Business-Owning Parents Struggle to Recruit the Kids

Business-Owning Parents Struggle to Recruit the Kids

by Robert Johnson
Staff Reporter of The Wall Street Journal

This article is reprinted by permission from StartupJournal.com.

Justin Wyner would love to woo his youngest son, James, into the family’s successful fabric business. Trouble is, he can’t find his adventurous offspring, who’s out exploring remote parts of East Asia on a six-month vacation.

James Wyner, a 38-year-old Harvard-educated business consultant for McKinsey & Co. in New York, already has a good job, concedes his father, 74. “He’s working with the top executives of some pretty big companies about their directions; it’s heady stuff.” Besides, says the elder Mr. Wyner, “It must be a good job to get six months off on a leave of absence.”

Six months of leisure is unheard of at Mr. Wyner’s very on-the-beaten-path company, Shawmut Mills, a fourth-generation maker of materials for automobile seats, based in West Bridgewater, Mass. Still, the senior Mr. Wyner is searching for the right recruiting pitch and to “create a great situation” for James at the company. More…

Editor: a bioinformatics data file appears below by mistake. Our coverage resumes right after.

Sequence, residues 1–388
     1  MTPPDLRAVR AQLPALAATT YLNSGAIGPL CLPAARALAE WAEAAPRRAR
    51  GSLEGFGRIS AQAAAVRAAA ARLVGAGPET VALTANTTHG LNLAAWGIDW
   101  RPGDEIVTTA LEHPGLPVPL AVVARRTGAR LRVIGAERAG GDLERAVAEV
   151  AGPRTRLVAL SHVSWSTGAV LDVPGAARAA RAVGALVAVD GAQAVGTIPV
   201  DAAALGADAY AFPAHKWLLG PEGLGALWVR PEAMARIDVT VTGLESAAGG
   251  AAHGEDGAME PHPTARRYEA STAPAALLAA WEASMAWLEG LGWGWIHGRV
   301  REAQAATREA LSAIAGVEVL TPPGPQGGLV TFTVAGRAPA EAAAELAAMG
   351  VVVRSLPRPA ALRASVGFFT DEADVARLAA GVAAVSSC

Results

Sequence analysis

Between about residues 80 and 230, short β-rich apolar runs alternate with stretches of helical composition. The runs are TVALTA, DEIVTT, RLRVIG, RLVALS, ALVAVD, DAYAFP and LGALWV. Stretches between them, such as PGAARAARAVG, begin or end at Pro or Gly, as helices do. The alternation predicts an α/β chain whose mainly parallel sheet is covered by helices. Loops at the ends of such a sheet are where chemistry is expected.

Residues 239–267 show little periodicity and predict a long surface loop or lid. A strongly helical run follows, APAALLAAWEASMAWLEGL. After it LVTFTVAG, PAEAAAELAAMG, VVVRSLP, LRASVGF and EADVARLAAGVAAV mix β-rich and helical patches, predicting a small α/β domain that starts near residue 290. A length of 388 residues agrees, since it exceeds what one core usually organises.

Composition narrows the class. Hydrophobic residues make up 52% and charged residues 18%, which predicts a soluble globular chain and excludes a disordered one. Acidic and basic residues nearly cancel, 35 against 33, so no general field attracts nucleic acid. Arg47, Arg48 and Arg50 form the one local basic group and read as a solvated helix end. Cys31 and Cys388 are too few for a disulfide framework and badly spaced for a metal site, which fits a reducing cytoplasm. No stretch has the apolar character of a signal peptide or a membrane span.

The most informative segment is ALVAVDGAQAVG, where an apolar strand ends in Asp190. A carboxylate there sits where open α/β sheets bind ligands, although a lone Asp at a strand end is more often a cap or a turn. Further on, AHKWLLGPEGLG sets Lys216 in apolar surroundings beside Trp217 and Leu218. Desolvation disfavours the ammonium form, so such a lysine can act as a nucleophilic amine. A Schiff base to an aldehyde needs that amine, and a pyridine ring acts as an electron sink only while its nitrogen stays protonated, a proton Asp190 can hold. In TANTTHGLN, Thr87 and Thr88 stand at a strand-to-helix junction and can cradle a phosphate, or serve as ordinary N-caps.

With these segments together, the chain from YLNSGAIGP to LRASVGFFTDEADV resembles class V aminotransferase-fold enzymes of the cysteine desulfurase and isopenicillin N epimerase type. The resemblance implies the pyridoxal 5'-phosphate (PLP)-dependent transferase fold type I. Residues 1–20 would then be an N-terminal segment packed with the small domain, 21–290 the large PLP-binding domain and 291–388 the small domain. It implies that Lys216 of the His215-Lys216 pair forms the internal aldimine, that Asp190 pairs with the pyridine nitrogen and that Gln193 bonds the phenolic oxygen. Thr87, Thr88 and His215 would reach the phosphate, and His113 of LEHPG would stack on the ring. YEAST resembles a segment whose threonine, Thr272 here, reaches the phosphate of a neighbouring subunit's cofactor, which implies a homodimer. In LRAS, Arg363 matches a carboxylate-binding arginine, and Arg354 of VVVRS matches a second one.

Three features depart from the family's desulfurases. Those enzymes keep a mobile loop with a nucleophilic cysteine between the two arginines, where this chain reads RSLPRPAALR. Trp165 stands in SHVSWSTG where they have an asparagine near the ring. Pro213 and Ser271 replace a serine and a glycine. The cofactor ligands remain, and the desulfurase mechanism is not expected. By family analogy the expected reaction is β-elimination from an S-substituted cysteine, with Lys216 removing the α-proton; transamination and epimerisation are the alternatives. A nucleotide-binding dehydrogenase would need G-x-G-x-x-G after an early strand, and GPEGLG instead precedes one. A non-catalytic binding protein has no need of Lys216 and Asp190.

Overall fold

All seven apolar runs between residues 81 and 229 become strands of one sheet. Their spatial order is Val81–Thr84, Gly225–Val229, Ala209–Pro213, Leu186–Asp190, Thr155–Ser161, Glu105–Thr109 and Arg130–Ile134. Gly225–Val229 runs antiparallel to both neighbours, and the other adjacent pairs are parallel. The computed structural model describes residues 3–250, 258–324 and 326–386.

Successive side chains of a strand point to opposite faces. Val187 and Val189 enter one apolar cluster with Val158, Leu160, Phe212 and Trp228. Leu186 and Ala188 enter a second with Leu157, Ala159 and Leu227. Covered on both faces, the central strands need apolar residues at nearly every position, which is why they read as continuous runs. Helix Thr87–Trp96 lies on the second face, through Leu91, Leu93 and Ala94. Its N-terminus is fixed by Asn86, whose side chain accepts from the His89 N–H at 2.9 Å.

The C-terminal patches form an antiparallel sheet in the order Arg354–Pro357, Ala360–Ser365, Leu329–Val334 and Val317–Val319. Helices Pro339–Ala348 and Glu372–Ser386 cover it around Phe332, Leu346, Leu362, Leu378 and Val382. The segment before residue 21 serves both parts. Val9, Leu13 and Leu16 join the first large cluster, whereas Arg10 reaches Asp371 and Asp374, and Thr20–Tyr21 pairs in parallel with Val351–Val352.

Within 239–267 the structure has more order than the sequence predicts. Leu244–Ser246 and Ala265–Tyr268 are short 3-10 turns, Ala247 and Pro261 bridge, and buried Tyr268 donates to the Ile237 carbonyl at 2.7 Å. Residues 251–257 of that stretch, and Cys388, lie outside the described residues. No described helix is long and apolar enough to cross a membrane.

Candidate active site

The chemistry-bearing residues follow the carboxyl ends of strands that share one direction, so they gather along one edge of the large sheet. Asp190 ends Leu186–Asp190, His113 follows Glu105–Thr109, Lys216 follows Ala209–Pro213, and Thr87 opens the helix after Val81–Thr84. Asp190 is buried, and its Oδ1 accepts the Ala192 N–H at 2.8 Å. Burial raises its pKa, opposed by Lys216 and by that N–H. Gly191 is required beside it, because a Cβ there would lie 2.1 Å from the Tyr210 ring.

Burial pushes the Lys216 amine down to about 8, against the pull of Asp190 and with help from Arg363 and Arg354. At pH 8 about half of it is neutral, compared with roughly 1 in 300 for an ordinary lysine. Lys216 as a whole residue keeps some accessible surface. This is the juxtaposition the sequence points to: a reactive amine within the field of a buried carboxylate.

Family, Farming and Business: The Iott Orchard and Ranch

Family, Farming and Business:

The Iott Orchard and Ranch

by Debbe Skutch

It was my pleasure to visit the Iott Orchard and Ranch in Petersburg, Michigan.Marilyn Iott took the time to give me a brief tour of the more than 90 acres of apple orchards and fields of tomatoes, cabbage and corn.I witnessed innovative farming techniques and traditional values of business, family and farming at work.The following is a conversation with Marilyn about the past, present and future of her family’s business.

Tell us about the history of your family and your business.

In 1960 my husband, Cork, and I moved from 7 miles south of here to begin our own family farm.Cork grew up on his family’s farm.We have five children, three boys and two girls.Kevin is 36 and is in the business, Kerry is 32 and also lives nearby and works here.Our youngest son, Kory is a senior in high school and plans on attending college and then entering the family business. We have two daughters, Kim, 33, a travel agency manager and Katrina, 27, who owns her own computer consulting firm.

All our children grew up on the farm and worked many hours from an early age to help it succeed.They have sacrificed much. The girls had no interest in staying on the farm and Kory’s contribution will be different than his brothers’ because of changes in generation and farming. More…